Conclusions
HIF-1α 1772 C/T and 1790 G/A polymorphisms are significantly associated with higher cancer risk.
doi:10.1371/journal.pone.0080396
PMCID: PMC3832403  PMID: 24260383
4.  Validation of Reliable Reference Genes for Real-Time PCR in Human Umbilical Vein Endothelial Cells on Substrates with Different Stiffness 
PLoS ONE  2013;8(6):e67360.
Background
The mechanical properties of cellular microenvironments play important roles in regulating cellular functions. Studies of the molecular response of endothelial cells to alterations in substrate stiffness could shed new light on the development of cardiovascular disease. Quantitative real-time PCR is a current technique that is widely used in gene expression assessment, and its accuracy is highly dependent upon the selection of appropriate reference genes for gene expression normalization. This study aimed to evaluate and identify optimal reference genes for use in studies of the response of endothelial cells to alterations in substrate stiffness.
Methodology/Principal Findings
Four algorithms, GeNormPLUS, NormFinder, BestKeeper, and the Comparative ΔCt method, were employed to evaluate the expression of nine candidate genes. We observed that the stability of potential reference genes varied significantly in human umbilical vein endothelial cells on substrates with different stiffness. B2M, HPRT-1, and YWHAZ are suitable for normalization in this experimental setting. Meanwhile, we normalized the expression of YAP and CTGF using various reference genes and demonstrated that the relative quantification varied according to the reference genes.
Conclusion/Significance:
Consequently, our data show for the first time that B2M, HPRT-1, and YWHAZ are a set of stably expressed reference genes for accurate gene expression normalization in studies exploring the effect of subendothelial matrix stiffening on endothelial cell function. We furthermore caution against the use of GAPDH and ACTB for gene expression normalization in this experimental setting because of the low expression stability in this study.
doi:10.1371/journal.pone.0067360
PMCID: PMC3696109  PMID: 23840676
5.  Preservation of cone photoreceptors after a rapid yet transient degeneration and remodeling in cone-only Nrl−/− mouse retina 
Cone photoreceptors are the primary initiator of visual transduction in the human retina. Dysfunction or death of rod photoreceptors precedes cone loss in many retinal and macular degenerative diseases, suggesting a rod-dependent trophic support for cone survival. Rod differentiation and homeostasis are dependent on the basic motif leucine zipper transcription factor NRL. The loss of Nrl (Nrl−/−) in mice results in a retina with predominantly S-opsin containing cones that exhibit molecular and functional characteristics of WT cones. Here we report that Nrl−/− retina undergoes a rapid but transient period of degeneration in early adulthood, with cone apoptosis, retinal detachment, alterations in retinal vessel structure, and activation and translocation of retinal microglia. However, cone degeneration stabilizes by four months of age, resulting in a thinner but intact outer nuclear layer with residual cones expressing S- and M-opsins and a preserved photopic ERG. At this stage, microglia translocate back to the inner retina and reacquire a quiescent morphology. Gene profiling analysis during the period of transient degeneration reveals misregulation of genes related to stress response and inflammation, implying their involvement in cone death. The Nrl−/− mouse illustrates the long-term viability of cones in the absence of rods and RPE defects in a rodless retina. We propose that Nrl−/− retina may serve as a model for elucidating mechanisms of cone homeostasis and degeneration that would be relevant to understanding diseases of the cone-dominant human macula.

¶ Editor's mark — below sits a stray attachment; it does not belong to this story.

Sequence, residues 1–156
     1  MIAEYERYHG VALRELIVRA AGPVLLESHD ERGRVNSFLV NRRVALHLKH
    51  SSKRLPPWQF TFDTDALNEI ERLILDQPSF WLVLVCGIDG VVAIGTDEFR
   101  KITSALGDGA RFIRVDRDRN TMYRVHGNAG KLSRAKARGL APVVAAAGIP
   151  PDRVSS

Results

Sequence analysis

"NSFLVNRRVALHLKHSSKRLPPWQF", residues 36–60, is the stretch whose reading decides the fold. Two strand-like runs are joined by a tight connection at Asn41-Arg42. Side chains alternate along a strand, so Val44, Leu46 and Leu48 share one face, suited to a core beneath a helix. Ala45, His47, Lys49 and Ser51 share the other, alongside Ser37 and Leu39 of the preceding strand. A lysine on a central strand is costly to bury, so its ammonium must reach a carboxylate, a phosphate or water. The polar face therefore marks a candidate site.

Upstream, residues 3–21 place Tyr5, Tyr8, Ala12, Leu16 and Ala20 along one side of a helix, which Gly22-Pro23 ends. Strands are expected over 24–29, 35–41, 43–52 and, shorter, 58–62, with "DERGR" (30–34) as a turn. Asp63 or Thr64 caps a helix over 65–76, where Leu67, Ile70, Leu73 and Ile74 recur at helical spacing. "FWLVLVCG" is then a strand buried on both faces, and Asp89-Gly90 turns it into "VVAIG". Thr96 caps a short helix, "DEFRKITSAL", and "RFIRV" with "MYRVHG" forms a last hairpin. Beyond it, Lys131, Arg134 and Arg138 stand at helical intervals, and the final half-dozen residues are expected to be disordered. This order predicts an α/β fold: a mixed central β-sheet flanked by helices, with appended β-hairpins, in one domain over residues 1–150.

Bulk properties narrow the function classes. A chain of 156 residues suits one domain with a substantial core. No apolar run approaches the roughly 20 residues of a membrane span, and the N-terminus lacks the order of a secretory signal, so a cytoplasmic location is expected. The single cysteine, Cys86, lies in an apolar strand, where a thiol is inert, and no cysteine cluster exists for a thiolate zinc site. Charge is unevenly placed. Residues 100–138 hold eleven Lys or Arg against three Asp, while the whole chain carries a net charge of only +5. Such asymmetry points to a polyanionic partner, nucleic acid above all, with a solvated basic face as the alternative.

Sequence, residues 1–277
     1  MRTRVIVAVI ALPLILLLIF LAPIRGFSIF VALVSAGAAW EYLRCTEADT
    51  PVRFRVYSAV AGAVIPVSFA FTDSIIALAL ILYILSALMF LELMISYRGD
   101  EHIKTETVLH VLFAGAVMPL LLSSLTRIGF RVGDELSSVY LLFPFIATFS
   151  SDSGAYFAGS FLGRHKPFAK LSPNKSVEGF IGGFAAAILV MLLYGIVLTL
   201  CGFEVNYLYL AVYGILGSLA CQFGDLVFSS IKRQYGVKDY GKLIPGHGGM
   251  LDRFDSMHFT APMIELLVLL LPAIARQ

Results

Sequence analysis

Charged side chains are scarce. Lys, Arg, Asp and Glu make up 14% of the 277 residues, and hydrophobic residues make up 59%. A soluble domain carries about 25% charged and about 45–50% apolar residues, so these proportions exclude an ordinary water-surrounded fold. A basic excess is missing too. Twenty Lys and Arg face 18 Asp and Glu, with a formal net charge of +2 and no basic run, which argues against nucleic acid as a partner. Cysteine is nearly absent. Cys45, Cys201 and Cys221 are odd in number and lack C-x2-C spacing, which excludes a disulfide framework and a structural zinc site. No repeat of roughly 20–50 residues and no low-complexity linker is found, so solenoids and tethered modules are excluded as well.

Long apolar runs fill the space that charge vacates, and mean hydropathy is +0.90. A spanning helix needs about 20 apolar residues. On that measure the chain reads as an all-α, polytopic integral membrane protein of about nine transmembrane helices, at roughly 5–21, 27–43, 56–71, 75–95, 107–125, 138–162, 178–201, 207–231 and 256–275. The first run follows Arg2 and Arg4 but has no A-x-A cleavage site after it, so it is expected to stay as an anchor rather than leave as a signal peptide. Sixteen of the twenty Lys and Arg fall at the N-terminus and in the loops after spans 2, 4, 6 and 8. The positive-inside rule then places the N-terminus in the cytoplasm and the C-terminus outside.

doi:10.1523/JNEUROSCI.3591-11.2012
PMCID: PMC3567450  PMID: 22238088
6.  Perivascular Mural Cells of the Mouse Choroid Demonstrate Morphological Diversity That Is Correlated to Vasoregulatory Function 
PLoS ONE  2013;8(1):e53386.
Objective
Perivascular mural cells of the choroid have been implicated in physiological functioning as well as in retinal disease pathogenesis. However details regarding their form and function are not well understood. We aim to characterize choroidal mural cells in the adult mouse choroid in terms of their distribution and morphology, and correlate these to their contractile behavior.